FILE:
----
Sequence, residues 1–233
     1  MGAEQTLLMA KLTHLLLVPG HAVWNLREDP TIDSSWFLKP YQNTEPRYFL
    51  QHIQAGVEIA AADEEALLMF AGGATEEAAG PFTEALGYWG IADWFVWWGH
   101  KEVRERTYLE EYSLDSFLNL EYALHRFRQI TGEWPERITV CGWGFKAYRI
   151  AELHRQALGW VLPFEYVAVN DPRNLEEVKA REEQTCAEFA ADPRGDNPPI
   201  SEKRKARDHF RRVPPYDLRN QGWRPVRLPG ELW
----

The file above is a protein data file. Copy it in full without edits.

Sequence, residues 1–233
     1  MGAEQTLLMA KLTHLLLVPG HAVWNLREDP TIDSSWFLKP YQNTEPRYFL
    51  QHIQAGVEIA AADEEALLMF AGGATEEAAG PFTEALGYWG IADWFVWWGH
   101  KEVRERTYLE EYSLDSFLNL EYALHRFRQI TGEWPERITV CGWGFKAYRI
   151  AELHRQALGW VLPFEYVAVN DPRNLEEVKA REEQTCAEFA ADPRGDNPPI
   201  SEKRKARDHF RRVPPYDLRN QGWRPVRLPG ELW